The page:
How to make a DND Oneshot cooler than a campaign

I was dreading running a one-shot for my playgroup while we figured out what to do next. I thought there was no way it would be as fun as my campaign. By the end of the experience, I realized just how wrong I was and how Dnd one-shots or any other system can be great to mix things up and have a whole lot of fun in different ways than a campaign.

DND Oneshot

How One-Shots can be Different than Campaigns

Extravagant Characters

Do you feel like everyone in your group has a character that is themselves? Are the characters pretty mundane? It could be the opposite, some players could roleplay but their tropes and mannerisms get old quickly. I have realized through the one-shots I have run and the ones that I have played that in one shot you can play a character who is more out there. More exaggerated roleplay does not get old because it’s only one session. 

I used to think that players wouldn’t roleplay in a one-shot. I thought that time would be needed to flesh out a character’s personality traits and find the characters. This wasn’t the case at all. In a campaign, players have ideas for their characters but as the stakes get higher they revert to their normal personalities.


From the above logic and personal experience, I would claim that you will get better roleplay out of a one-shot than a campaign. With this in mind, we can be more liberal during the character-creation process. We can try concepts without fear that they will be suboptimal or contrived, LEAN INTO TROPES!!!


Unique Shops

Shops are pretty standard in dungeons and dragons. Once they get to a city there are all kinds of things available to them. It’s reasonable. In a oneshot, you can give the players limited things to work with and even create unique economies. In my Oneshot, I had a game in which the prisoner’s dilemma dictated the economy. Players can ally to both get a silver piece or betray and get a gold piece and have the other fight a monster. I could have never gotten away wuth this in a normal town. For tips on how to make interesting shops check out my post here on the dungeon mail!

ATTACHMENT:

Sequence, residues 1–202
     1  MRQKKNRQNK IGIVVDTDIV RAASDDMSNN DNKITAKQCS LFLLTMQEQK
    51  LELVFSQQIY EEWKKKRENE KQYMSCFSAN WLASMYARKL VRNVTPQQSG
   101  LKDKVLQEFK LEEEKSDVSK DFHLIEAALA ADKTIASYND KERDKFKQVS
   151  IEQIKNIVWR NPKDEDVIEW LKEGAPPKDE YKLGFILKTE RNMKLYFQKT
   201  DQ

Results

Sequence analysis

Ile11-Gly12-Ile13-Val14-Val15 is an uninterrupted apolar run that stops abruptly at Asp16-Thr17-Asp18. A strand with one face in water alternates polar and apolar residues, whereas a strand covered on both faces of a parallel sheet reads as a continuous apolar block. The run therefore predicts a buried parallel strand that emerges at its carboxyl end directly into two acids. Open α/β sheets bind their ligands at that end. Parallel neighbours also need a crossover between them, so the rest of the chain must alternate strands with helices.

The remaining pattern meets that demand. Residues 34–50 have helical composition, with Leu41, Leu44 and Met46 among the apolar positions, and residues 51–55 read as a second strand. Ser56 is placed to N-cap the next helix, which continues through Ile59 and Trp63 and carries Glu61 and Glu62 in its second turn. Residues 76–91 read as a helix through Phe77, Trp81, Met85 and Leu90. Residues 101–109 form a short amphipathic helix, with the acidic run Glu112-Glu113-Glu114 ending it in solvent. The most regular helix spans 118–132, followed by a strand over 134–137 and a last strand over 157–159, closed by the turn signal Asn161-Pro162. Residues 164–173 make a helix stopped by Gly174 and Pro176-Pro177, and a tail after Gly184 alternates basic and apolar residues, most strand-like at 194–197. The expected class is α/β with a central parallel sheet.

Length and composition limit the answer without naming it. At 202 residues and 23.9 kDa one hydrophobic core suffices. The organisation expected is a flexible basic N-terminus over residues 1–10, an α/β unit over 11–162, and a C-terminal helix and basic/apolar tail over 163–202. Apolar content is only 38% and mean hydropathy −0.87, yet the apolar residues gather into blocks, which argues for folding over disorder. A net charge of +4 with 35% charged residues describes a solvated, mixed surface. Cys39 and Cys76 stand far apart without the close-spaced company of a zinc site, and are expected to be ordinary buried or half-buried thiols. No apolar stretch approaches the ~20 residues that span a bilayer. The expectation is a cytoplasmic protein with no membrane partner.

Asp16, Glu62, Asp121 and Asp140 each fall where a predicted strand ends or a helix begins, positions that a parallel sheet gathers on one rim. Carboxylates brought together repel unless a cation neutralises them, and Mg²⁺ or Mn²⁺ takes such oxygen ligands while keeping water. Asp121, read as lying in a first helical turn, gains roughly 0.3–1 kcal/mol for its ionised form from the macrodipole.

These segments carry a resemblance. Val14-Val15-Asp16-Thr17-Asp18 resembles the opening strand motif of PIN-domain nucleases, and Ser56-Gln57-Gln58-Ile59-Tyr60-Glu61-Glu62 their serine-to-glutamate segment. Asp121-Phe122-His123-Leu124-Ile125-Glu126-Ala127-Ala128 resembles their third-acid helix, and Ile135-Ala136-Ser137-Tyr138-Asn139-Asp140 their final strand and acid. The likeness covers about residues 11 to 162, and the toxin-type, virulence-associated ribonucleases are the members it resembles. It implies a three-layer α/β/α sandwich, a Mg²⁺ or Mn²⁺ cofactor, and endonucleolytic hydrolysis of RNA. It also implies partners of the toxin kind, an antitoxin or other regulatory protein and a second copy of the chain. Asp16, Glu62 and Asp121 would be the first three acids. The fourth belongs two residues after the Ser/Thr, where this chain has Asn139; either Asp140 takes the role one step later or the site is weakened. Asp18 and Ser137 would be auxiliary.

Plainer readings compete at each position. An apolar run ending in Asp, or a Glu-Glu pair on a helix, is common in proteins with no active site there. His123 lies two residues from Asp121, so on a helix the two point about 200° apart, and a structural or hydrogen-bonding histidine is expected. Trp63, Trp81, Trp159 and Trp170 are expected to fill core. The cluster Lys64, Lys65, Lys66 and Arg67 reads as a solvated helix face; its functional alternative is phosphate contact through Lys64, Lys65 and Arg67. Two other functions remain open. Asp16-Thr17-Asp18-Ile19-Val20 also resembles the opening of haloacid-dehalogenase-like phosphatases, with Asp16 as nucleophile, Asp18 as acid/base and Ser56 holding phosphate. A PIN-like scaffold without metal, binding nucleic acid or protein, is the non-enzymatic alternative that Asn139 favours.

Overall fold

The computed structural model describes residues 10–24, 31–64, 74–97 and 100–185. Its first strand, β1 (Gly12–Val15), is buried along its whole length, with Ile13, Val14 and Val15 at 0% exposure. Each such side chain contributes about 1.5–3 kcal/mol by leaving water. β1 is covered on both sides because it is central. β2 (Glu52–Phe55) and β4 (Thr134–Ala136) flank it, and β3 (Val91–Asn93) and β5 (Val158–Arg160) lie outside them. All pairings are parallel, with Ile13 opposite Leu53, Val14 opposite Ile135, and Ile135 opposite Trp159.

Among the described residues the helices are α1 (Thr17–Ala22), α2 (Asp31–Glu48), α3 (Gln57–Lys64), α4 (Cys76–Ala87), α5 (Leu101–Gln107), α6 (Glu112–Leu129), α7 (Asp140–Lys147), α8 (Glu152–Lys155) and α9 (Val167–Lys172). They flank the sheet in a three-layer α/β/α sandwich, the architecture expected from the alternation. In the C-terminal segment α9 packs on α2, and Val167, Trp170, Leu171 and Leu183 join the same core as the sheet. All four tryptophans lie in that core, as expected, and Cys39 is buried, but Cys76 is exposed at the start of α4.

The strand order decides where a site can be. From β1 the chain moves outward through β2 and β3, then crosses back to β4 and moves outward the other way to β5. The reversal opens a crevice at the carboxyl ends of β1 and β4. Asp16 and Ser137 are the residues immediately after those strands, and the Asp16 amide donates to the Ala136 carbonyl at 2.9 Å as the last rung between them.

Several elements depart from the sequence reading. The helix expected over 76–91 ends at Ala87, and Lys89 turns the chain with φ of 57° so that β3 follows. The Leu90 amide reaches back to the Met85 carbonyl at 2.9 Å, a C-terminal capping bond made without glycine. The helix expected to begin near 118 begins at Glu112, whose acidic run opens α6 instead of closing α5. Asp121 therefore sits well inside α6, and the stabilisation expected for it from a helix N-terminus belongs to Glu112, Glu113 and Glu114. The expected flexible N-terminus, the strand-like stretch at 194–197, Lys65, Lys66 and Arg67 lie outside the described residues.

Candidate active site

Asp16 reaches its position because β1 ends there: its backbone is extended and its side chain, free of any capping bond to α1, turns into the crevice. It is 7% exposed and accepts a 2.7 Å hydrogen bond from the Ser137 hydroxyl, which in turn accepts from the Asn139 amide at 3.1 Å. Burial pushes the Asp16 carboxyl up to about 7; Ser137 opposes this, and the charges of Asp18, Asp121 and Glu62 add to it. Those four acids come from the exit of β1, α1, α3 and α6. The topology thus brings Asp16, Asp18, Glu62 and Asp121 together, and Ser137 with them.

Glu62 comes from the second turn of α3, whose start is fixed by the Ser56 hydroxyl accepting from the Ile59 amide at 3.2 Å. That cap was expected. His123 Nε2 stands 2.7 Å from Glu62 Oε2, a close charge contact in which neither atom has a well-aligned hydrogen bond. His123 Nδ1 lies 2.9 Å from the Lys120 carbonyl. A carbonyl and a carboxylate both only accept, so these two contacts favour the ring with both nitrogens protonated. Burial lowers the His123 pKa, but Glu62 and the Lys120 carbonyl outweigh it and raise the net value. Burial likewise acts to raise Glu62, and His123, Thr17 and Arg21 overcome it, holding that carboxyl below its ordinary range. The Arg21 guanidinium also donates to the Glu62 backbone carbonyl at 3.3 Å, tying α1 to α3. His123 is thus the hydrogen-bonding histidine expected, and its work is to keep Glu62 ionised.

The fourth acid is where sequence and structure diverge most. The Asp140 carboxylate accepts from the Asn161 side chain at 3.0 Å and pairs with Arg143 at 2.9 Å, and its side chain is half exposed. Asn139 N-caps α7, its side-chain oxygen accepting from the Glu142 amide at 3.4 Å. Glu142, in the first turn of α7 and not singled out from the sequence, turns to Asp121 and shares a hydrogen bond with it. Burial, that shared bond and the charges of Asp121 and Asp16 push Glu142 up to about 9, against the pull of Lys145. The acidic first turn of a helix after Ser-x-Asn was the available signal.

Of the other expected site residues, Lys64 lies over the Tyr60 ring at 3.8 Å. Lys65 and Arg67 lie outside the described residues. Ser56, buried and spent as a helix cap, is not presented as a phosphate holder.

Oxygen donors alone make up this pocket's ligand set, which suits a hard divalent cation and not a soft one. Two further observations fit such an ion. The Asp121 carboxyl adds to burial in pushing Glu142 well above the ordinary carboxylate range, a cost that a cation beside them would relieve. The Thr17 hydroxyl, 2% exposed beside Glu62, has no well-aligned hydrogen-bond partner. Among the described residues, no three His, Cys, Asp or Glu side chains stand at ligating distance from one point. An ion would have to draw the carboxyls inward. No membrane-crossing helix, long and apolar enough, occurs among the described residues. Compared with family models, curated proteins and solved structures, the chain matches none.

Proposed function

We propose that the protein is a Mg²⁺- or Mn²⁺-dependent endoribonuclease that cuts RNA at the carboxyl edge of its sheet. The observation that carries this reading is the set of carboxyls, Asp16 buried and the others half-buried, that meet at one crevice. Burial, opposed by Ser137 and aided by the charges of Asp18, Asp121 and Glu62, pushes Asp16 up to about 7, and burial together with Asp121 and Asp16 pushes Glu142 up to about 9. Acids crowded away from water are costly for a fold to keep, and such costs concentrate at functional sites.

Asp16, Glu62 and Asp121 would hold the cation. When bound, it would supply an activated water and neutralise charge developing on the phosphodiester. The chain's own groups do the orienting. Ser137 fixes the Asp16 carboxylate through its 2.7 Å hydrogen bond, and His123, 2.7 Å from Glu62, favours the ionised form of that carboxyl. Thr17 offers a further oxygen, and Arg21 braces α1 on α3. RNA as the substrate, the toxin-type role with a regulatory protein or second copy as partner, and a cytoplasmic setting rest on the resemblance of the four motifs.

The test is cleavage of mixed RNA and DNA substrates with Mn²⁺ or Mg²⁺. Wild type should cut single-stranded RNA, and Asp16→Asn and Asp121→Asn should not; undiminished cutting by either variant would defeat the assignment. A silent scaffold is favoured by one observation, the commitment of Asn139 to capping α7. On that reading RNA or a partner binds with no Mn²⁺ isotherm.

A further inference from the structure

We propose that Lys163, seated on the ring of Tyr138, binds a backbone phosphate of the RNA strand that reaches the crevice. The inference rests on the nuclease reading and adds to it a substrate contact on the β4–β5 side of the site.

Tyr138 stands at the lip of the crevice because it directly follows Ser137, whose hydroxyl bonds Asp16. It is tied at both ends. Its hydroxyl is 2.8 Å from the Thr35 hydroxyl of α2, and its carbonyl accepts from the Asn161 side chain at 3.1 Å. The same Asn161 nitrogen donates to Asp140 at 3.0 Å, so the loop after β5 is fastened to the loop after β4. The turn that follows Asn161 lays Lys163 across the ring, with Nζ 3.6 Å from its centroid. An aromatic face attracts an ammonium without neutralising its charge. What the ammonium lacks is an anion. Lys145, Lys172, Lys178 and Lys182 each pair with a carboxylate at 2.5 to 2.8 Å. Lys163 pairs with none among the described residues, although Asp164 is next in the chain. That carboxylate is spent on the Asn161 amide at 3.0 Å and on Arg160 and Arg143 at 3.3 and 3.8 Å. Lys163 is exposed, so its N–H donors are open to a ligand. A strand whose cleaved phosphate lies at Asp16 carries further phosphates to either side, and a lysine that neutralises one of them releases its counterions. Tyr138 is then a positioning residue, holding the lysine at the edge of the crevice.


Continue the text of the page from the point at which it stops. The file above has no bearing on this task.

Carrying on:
Interparty Intrigue

In a campaign, it is unwise to have players have a conflict of interest, they will be a party united through multiple sessions. I also thought this advice was beneficial due to player problems but my players took it well. What gave me the idea to run a game where the players are against each other was Dungeon Craft’s video.

The Main point that hooked me was that each player would be the main character in their head. In a campaign that is a very dangerous mentality but in a one-shot where the players aren’t cooperating it is beneficial for roleplay that everyone prioritizes themselves first. This may depend on the maturity of your table but it worked for my group. What I did was make a competition where only the first two to complete their objective were allowed to escape. They still had to cooperate in the face of imminent danger but couldn’t trust each other completely. The Subterfuge was super fun to watch as a dungeon master.



You may think your campaigns are dangerous and deadly, they probably are if you are anything like me but unless you are running a meat grinder in which there isn’t a point in integrating a character, you eventually get tired of killing characters and players won’t invest. In a campaign, it is entirely deflating to hear that someone doesn’t care that their character lives or dies.

In a one-shot however it is completely different. The characters are on a limited timer and while being more reckless because of this is metagaming it is not necessarily bad. Characters can feel free to take certain actions they wouldn’t in a campaign. This makes exploration less tedious and more fun. 


Players come with pre-established expectations, it’s human nature. They are well within their right to expect some narrative structure. If they got to the BBEG last session they probably want to fight it the next session. Things are more or less cohesive.

Hopefully explaining what I did with my one shot will demonstrate my point better, I started them off with an escape room sequence, on a timer. Puzzles in my dungeons and dragons games have always been a side thing distracting them from the main objective. In this Oneshot, I have never had a more amazing experience with a puzzle. Being able to describe to them how they woke up in a room filled with water was so fresh compared to meeting in a tavern.

Obviously, there are other ways to start but a one-shot gives you a fresh start with out feeling like you have to dedicate yourself to that direction

So why wasn't I excited about a oneshot

So why didn’t I know why Oneshots could be so amazing? I was dreading running a one-shot because we were trying out Pathfinder’s second edition, and none of the one-shots they had stood out to me. I was in the frame of mind that one-shots were less cool campaigns and not something that could be unique because that’s what the adventures were to me. Fortunately, a quality oneshot can be made with minimal preparation.  

Where to get a good Oneshot

Right here at the Dungeon Mail of course. By subscribing to our newsletter we will provide occasional Oneshots along with our normal blog posts.  If you don’t want to wait, I refer to Dungeon Craft’s video on Oneshots that I linked above. He does a good job of telling you how to create your own. Hopefully, the advice here helps as well! Thank you for reading.

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